Ján Krampl told Pravda about his beginnings in the vineyards of Rača and how he became the head of the local cellar. You can read the entire interview here: https://bit.ly/vinocomadrzinadvodou
What were your first contacts with the vineyard and wine?
Of the pleasant ones, a ripe grape berry in the mouth, mom's strudel, the first glass of burčiak, and of the prosaic hoe, scissors. Even after my parents took the vineyards to the cooperative, my parents connected my future with wine. They sent me to the school in Modransk, and when I came back, they put me straight into viticulture in the cooperative. They threw me into the water, for me then it was the production of grafts to show what I was worth.
Did you decide?
The year 1958 was extraordinary. Blessed with a harvest, but also with rain and the sudden arrival of winter. On the fifth of November, severe frosts hit unexpectedly. The soil froze and thawed only in the spring of the following year. The team was shaking with fear of what would happen to the grafts. They were stacked in graves, on which more than twenty carters with horse-drawn carts cleverly brought steaming farmyard manure to prevent the seedlings from freezing. But we made it. In primitive conditions, each of the sixty yesterday peasants, today cooperative workers, grafted from 600 to 1 grafts per day, depending on their skill. Altogether it was a million grafts. Can you imagine it today?
Not really, because most Slovak winegrowers import grafts from Austria, Italy or Hungary.
It is the sad reality of Slovak viticulture, in which even the production of vine seedlings has collapsed. It only illustrates the position in which not only viticulture and winemaking, but also agriculture and food production have found themselves. In Rača, 40 years ago, the vineyards spread over 325 hectares, people cultivated the vines on 2100 plots, which best describes the conditions from which it was based.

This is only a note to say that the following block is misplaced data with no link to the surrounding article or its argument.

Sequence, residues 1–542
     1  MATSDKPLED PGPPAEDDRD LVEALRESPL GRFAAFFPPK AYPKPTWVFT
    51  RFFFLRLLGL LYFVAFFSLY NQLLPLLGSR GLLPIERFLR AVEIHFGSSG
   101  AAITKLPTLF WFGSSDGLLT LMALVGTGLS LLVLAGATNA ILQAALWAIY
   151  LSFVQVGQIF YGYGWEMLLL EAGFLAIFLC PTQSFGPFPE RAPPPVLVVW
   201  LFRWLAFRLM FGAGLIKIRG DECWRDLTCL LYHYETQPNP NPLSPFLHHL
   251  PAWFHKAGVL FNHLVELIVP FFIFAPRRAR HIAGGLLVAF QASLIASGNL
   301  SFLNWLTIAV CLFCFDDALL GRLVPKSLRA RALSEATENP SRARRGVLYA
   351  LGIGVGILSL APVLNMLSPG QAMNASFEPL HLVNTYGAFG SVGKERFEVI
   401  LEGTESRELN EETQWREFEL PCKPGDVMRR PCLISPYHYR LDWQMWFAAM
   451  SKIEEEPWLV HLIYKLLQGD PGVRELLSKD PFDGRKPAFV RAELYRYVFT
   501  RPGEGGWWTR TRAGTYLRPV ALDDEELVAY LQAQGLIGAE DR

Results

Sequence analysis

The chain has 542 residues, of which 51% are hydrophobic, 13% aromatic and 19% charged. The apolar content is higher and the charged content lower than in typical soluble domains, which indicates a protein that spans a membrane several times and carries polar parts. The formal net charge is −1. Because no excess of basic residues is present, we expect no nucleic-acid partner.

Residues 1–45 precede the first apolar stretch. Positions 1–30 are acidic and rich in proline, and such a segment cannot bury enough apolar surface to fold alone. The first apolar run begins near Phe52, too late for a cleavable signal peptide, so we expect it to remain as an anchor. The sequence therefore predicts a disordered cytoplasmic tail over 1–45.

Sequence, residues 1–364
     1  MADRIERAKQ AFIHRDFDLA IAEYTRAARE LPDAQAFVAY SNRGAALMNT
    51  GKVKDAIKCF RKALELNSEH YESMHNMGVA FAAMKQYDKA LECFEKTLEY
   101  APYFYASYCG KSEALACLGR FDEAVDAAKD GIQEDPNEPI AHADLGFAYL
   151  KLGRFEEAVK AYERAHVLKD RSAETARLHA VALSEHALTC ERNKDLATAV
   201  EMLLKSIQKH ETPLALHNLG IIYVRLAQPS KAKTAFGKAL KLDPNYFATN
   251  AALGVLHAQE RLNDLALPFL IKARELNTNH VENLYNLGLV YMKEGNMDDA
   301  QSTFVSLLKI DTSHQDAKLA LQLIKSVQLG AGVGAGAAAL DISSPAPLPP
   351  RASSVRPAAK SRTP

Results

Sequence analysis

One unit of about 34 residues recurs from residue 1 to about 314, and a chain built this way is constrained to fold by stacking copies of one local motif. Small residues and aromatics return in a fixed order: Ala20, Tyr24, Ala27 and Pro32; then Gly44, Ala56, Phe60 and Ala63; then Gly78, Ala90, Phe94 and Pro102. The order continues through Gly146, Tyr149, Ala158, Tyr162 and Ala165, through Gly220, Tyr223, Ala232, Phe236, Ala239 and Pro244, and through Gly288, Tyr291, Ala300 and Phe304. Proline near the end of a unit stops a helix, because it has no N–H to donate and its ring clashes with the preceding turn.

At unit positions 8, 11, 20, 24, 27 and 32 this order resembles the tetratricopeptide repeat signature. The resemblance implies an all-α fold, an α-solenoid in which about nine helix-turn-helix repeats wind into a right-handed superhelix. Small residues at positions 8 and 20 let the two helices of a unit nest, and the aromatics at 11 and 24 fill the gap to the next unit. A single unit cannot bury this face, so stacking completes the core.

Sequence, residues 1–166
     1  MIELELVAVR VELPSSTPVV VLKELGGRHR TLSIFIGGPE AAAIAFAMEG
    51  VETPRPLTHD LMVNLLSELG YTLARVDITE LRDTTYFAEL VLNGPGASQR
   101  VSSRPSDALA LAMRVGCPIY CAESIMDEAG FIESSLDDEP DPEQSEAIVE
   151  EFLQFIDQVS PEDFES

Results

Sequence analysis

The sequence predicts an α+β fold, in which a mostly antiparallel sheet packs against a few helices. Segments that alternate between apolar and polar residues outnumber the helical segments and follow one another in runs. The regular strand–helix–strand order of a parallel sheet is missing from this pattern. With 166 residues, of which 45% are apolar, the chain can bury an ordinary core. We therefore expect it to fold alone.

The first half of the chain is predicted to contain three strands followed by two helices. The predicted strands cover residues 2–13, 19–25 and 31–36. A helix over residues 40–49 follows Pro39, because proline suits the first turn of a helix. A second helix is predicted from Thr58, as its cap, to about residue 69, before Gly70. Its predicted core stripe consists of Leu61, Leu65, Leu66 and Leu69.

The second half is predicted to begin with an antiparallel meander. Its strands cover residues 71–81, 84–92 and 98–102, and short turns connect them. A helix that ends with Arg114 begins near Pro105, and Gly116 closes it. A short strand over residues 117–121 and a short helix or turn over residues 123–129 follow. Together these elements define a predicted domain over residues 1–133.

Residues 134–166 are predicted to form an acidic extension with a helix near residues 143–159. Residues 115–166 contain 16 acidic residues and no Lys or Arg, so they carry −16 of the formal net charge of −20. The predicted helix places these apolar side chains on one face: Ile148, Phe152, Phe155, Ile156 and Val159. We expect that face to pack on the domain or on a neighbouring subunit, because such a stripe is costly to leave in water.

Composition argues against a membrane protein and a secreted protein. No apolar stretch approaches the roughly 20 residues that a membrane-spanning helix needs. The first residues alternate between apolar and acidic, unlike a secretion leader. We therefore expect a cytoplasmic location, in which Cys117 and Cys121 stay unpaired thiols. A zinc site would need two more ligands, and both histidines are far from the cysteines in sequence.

How do you remember the cooperative years?
As for the years of the great renewal of the Rača vineyards, which took into account the entire territory above Rača and the adjacent area of Bratislava. In the XNUMXs, not only broadband terraces were built, but also catchment tanks for storm water. By restoring the vineyards, Krasňany and Rača were protected from heavy water, the reward for this was wine from new plantings of Green Veltín and Vlach Riesling, and the greening of the town, which is emphasized so much today.
What was the wine like back then and how did you get into making it?
Wine is always an image of the time and its tastes and people's mindset. Once there was a wine tasting in our cooperative cellar, I think it was in 1962, the cellar master boasted that he had even better wine at home than the cooperative wine. That pissed off the chairman at the time, and I didn't even know how, I became the boss of the cellar. It was clear to me that I would last only as long as our wine was the best. That's how my journey to good wine began at the cooperative in Rač. We operated wine bar U kmotra (former German cultural center), which was full of people from the city on Saturday afternoon. Visitors also besieged the co-operative viecha in the center of Rača as well as the viecha on Nedbalová Street, where famous Bratislava actors used to go. Imagine that we sold from 900 to 1200 liters of wine per day in just one bottle, served with slaughterhouse specialties.